Dogs are great for many things. They provide companionship, they greet you when you get home after a long day at work, and if you’re in India, they abolish the caste discrimination.

In the A V Halli village, situated in the Ramnagaram district of India, the Karnataka villagers of South India have taken to worshiping “Sri Naayidole Veerappa,” also known as “dog God.” The temple of the dog God is located right next to the temple of “‘Sri Veeramasti Kempamma,” a local village deity, and the villagers believe that the dog serves as the god’s lieutenant.

According to Rajesh, a devotee of Sri Naayidole Veerappa, ‘‘People come here and make wishes. They return to pay respects after their wishes are fulfilled.”

The dog God, in addition to serving as a sort of local fortune teller, seemingly warning the villagers of bad events to come, as proven to be a bit of inspiration for the naming of newborns. In an attempt to prove their devotion to the dog God, many families have taken to naming their children after the dog God. If it’s a boy, the child is named Veerappa or Veeranna; girls are named Veeramma. Give it a few years and it’ll become the new “Steve” or “Jennifer.”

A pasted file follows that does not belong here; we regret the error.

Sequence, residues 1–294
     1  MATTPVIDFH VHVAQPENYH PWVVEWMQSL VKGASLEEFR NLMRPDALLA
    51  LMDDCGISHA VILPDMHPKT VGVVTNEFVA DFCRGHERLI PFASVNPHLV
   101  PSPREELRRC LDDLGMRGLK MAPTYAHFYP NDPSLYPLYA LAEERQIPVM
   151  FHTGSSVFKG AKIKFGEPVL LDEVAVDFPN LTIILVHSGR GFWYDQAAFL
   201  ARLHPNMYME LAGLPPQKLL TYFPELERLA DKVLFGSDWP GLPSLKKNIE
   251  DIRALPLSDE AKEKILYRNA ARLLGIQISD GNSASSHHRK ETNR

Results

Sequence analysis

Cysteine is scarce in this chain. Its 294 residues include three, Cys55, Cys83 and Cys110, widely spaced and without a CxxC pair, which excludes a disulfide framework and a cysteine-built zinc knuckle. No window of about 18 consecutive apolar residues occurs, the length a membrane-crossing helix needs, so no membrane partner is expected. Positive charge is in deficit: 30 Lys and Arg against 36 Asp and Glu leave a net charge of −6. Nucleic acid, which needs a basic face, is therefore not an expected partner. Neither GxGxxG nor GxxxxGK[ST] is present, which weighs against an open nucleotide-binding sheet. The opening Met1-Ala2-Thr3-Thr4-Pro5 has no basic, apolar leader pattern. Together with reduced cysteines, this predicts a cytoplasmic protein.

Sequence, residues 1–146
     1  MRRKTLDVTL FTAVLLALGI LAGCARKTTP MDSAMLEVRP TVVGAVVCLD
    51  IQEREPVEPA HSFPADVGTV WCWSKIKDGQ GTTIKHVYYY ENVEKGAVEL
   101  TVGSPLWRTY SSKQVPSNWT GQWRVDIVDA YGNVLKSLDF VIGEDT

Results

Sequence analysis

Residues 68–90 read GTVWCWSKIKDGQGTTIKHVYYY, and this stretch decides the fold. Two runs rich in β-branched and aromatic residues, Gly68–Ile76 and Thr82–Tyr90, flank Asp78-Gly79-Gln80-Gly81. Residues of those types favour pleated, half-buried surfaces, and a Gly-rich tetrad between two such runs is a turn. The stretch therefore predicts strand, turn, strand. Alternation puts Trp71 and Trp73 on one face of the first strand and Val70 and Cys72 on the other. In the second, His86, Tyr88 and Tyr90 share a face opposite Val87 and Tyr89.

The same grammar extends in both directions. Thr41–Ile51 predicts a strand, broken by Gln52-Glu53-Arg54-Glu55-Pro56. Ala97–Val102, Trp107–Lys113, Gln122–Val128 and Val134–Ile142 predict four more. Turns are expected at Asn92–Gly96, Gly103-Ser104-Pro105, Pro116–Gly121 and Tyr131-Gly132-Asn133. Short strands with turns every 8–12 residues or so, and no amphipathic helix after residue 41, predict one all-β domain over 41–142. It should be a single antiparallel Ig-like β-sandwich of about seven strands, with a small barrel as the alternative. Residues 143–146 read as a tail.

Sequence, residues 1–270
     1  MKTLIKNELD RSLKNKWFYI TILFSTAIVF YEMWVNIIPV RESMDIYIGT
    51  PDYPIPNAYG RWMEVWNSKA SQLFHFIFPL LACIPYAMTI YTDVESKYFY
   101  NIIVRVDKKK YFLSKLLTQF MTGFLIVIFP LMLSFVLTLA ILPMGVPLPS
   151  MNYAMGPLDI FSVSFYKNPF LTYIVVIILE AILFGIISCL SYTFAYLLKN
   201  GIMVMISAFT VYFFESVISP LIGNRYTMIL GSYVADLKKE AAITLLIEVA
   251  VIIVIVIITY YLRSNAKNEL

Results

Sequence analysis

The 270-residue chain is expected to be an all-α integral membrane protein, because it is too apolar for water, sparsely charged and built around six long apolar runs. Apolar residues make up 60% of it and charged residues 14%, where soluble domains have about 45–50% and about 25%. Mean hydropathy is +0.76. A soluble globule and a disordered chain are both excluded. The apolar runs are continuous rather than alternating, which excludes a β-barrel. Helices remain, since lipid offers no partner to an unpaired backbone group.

Beyond this, however, is the abolishment of caste discrimination that the dog God has brought to the village. The dog God’s priest is a member of the dalit caste, the Sanskrit of which means “broken to pieces.” In essence, they’re outcasts. Given the dalit status of the priest, the dog God’s significance in the village is incredibly important within the context of the Indian caste system.

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